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SEAFDEC upgrades feed mill to boost production of low-cost aquafeeds

The center acquired new equipment to increase its production capacity by 400%. The feed mill produces sinking and floating aquafeeds for abalone, grouper, mangrove crab, milkfish, pompano, seabass, shrimp, siganid and tilapia.

SEAFDEC upgrades feed mill to boost production of low-cost aquafeeds

March 26, 2020

The Philippine Southeast Asian Fisheries Development Center (SEAFDEC) raised $29,370.45 to upgrade the low-cost, eco-friendly aquafeed mill in Tigbauan, Iloilo.

The center acquired a 5-layer dryer and an extruder to increase its production capacity by 300 kilograms per hour or 2,400 kilograms per 8-hour workday. The extruder is used to produce both sinking and floating aquafeeds.

“The recent upgrade increased the production rate by almost 400%. With an additional extruder, production will not be impeded by the periodic downtime for maintenance or unexpected breakdowns,” said Joseph Biñas, head of the Nutrition and Feed Development Section of SEAFDEC’s Aquaculture Department (AQD). Before the upgrade, the feed mill can only produce 500 kilograms per day due to the limited capacity of the dryers.

The feed mill produces diets for abalone, grouper, mangrove crab, milkfish, pompano, seabass, shrimp, siganid and tilapia as well as feed ingredients that are utilized for research projects of SEAFDEC and non-SEAFDEC researchers and graduate students. It also accepts orders from private hatcheries that need maintenance feeds for marine fish breeders and larvae which are not readily available commercially.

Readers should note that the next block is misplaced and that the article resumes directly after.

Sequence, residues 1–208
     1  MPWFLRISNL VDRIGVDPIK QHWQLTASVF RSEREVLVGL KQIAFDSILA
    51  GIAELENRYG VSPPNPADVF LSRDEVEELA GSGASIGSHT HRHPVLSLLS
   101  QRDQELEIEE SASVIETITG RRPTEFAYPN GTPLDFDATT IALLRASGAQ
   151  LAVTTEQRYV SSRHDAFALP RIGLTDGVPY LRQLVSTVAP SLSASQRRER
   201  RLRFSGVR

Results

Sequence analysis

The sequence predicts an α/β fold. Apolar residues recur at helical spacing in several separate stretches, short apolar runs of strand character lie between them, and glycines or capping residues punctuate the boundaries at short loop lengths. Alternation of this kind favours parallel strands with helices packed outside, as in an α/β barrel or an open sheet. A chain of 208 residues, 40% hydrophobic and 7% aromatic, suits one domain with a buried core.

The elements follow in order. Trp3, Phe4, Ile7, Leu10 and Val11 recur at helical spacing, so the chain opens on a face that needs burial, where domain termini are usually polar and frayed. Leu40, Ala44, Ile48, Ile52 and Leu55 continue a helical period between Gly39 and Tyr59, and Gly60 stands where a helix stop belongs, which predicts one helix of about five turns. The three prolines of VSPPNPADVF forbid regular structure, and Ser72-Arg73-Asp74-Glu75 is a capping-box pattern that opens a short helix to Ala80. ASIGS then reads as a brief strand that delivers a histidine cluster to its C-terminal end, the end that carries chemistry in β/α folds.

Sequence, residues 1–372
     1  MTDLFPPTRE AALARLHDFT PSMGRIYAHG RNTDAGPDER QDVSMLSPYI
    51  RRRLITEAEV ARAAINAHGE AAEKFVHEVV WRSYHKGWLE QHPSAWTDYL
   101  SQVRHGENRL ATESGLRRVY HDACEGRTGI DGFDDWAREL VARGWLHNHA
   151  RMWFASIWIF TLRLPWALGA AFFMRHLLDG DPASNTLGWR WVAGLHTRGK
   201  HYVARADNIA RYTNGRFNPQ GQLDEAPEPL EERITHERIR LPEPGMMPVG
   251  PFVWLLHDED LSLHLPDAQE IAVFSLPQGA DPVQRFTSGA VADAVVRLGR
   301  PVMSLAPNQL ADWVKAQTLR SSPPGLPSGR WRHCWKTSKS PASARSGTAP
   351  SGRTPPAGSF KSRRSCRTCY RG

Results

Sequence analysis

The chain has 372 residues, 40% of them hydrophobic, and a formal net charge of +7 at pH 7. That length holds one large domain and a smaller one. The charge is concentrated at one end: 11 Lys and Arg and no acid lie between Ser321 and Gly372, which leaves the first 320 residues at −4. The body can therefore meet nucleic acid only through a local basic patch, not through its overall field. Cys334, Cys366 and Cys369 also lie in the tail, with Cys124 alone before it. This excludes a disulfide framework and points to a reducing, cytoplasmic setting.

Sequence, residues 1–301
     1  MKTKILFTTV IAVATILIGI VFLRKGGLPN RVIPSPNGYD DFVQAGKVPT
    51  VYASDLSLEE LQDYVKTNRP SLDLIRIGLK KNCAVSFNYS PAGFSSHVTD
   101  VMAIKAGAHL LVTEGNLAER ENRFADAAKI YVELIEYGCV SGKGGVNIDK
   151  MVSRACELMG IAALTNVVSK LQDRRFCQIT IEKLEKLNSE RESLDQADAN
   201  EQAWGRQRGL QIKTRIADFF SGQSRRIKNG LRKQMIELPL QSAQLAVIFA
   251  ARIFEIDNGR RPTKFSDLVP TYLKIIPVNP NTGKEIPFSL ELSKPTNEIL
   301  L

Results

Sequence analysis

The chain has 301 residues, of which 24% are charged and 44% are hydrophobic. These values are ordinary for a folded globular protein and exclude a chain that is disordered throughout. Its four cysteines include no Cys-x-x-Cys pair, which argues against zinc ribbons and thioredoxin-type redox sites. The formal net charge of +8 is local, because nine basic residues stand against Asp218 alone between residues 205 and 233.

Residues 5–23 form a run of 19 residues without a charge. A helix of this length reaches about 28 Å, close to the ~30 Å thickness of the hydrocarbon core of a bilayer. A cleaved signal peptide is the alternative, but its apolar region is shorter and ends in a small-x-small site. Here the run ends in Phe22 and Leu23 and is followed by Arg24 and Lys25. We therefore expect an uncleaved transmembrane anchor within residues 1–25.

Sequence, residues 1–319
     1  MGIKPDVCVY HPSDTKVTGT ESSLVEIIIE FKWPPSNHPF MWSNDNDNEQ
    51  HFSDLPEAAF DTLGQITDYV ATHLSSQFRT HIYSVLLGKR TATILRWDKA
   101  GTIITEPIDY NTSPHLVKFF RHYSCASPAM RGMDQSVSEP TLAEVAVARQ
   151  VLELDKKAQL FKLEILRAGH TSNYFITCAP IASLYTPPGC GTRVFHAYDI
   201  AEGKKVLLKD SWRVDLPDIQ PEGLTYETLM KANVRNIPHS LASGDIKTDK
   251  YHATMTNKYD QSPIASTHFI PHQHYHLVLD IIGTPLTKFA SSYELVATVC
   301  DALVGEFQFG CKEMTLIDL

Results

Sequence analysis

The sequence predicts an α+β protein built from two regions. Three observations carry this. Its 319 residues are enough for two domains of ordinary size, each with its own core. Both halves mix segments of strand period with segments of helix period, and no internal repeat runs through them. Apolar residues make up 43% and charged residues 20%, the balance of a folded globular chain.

SEAFDEC

New extruder (left) and 5-layer dryer at SEAFDEC/AQD's feed mill.

Cheaper and more eco-friendly

Since feed represents more than 50% of the production cost in aquaculture, SEAFDEC is mandated to formulate and test feeds that use cheaper alternative ingredients that are less dependent on wild-sourced fish. SEAFDEC’s fish nutrition experts have been striving to find more sustainable alternative sources of protein from aquatic and terrestrial plants as well as animal by-products.

“Our fish nutrition experts are currently developing low-cost feeds for various aquaculture species that could greatly benefit the fish farmers in lowering their production cost,” said Dan Baliao, chief of SEAFDEC/AQD. “With the improvement of the production capacity of our feed mill, we are most likely to achieve our goal,” added Baliao.

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